Tot Talk Tuesday: Sick Day

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You’re a parent, so you’ve likely been “on-call” in the middle of the night when your child isn’t feeling well. 

 “Mooommmmm….I don’t feel so good.”  You wiggle out of your warm slumber, shake the cobwebs from your head, and place your wobbly legs on the floor.  Padding down the hallway to your child’s room, your heart breaks.  She is sick.  She needs you. 

Last night this scenario happened here at our house.  Kelly was sitting up in her bed in her fleece footed jammies with the nickname, “snuggle bunny” embroidered on them, complete with bunny feet.  Of course, their was laundry to do and a kid who just didn’t feel well. 

We changed clothes, washed up, and snuggled.   True to the nickname, Kelly is a little “snuggle bunny.”  We talked about what hurt and where, I felt to see if she had a fever (nope), and we decided it was time to go back to bed. 

 Just as I was leaving her room, she asked, “Can you read me a book, momma?”  Who could resist?  “Why sure, honey buns.  What book do you to want to read?” 

She told me she wanted the “good-night one.”  At 1:30 in the morning every book is a “good-night” book.  I pressed a little more.  “You know, momma.  The one with the bunny in the room with the old lady.”  Ah, yes…”Good Night Moon.”  I found the book on the shelf, crawled into bed with my own little bunny and began reading.  Only I started to drift off.  One sentence in.  Kelly had to help me with the next word.  After reading and tucking her in again, she said in her delicate little voice, “Thank you, momma.”  Needless to say, that melted my heart.

Now if that wasn’t precious enough, then it must have been in the morning when she told me she actually wanted to go to preschool.  Can’t blame a kid who just wants to learn and be with her friends.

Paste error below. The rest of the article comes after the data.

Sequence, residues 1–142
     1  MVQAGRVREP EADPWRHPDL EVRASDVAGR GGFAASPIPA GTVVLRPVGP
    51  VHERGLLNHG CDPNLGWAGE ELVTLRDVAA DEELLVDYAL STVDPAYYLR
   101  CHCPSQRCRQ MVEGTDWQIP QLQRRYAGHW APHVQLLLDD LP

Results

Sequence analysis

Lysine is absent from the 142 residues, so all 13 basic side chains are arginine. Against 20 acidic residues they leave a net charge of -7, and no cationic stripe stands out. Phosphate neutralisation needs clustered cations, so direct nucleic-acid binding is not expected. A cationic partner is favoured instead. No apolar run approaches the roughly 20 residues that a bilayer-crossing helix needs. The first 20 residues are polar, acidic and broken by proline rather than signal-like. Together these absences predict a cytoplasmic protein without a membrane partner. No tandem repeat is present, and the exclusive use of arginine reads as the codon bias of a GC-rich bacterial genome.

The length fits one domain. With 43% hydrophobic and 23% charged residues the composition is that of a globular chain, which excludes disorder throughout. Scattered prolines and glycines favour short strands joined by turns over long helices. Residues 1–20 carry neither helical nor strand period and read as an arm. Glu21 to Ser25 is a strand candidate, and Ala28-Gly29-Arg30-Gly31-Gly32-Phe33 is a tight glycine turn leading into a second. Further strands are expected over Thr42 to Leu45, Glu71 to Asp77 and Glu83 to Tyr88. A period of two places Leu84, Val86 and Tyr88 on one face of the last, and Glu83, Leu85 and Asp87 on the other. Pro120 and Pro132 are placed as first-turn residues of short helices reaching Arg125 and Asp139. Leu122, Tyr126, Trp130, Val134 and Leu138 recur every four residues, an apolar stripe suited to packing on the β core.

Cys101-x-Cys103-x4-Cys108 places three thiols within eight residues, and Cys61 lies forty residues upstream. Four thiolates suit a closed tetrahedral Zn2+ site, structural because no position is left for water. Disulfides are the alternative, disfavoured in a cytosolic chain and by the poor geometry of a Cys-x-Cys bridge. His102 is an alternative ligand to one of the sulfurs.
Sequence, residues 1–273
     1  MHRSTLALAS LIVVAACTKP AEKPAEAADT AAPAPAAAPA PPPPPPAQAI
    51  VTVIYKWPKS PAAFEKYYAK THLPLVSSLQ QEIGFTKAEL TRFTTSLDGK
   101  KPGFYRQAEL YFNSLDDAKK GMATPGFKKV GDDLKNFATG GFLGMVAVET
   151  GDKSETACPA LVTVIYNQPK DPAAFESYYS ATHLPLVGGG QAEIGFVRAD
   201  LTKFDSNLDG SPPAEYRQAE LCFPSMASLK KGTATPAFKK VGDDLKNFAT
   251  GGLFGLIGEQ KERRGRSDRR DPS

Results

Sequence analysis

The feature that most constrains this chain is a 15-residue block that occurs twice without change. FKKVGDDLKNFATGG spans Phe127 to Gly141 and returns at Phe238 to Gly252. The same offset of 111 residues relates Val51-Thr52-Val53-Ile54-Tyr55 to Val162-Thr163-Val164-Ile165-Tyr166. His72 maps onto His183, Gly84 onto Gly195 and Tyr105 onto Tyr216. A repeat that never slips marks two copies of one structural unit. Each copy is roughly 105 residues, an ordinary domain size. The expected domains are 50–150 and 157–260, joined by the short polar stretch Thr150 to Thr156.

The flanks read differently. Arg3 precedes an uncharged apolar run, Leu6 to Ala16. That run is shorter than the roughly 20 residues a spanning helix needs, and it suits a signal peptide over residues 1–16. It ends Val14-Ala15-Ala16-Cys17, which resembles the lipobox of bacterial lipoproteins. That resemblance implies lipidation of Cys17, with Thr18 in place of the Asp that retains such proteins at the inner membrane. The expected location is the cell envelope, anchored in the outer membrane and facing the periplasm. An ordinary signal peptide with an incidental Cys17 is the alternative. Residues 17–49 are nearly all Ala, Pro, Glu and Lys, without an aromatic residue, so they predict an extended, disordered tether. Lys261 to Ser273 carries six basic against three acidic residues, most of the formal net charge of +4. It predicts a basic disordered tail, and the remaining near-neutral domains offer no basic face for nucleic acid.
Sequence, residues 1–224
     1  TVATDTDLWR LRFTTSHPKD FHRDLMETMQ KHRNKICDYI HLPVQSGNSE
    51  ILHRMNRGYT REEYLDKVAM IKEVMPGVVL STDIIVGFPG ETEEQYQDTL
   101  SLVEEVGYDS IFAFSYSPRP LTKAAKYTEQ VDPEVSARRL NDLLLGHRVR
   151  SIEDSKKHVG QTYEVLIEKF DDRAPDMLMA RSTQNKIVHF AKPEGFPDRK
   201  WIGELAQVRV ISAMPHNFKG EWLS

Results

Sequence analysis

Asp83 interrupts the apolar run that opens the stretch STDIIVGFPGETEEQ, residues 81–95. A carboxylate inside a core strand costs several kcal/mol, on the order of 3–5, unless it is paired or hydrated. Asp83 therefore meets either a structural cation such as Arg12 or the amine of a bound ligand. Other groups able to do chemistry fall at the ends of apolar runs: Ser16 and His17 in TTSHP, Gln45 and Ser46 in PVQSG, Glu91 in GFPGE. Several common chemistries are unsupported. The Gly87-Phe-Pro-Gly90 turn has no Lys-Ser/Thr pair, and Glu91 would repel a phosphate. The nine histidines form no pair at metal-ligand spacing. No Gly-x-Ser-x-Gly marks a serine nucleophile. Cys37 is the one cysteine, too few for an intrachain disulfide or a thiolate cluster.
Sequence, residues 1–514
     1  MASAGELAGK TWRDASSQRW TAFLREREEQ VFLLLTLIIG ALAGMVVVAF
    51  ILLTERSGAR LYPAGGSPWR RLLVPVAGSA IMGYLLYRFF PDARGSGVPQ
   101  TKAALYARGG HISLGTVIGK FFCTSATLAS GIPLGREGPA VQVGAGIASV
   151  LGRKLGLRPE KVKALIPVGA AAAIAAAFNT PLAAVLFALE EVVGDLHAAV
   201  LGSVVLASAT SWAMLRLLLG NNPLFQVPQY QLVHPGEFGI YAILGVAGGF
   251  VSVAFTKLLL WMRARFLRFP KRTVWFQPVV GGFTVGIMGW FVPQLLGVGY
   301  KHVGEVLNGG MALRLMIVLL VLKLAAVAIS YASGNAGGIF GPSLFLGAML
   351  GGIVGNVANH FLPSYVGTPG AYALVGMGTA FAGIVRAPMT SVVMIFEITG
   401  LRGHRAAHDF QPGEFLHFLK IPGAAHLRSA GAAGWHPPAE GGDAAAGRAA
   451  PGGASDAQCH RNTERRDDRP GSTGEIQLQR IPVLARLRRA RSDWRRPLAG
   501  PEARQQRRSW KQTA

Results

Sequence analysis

What should you do if youhave a little “barf bunny” of your own?

  • Kids pick up germs quickly–there’s often no precursor to getting sick. 
  • That said, they are pretty resilient.  They often get well fast. 
  • Allow them to sip liquids first.  Start with clear liquids–anything you can see through…seltzer, some juice, water.  Give it to them every 5-15 minutes.  If they keep it down for an hour, try a little more next time.  (Other ideas: popcicles, jello, orange slices/madarin oranges, cold grapes)
  • The next step is a “full liquid diet“–that is, food that is liquid at room temperature (ice cream, pudding, yogurt, milk products)
  • Try a cracker or two…how does that “stay down?”
  • How about the “BRAT” diet…bananas, rice, apples, toast
  • Hydrate, hydrate, hydrate! 
  • Avoid Pepto-Bismal.  You want your child to get it out of their system. Coating the tummy with a medication like this just maskes the symptoms.  As unpleasant as it is, you have to let them  “barf it out.” 
  • Try Electrolyte pops…Pedialyte makes a variety that you can often find at Walgreens or another drug store
  • 

And when you can’t think of anything else….just snuggle your little bunny and read “Good Night Moon.”  She’s sure to thank  you. 

About leslie1218

Author of SPEAKING OF APRAXIA (Woodbine House, 2012) frantically working on a novel that should be ready for submission this fall. Mom of two spritely redheads & one chubby basset hound whose stories & images appear in my writing from time-to-time.

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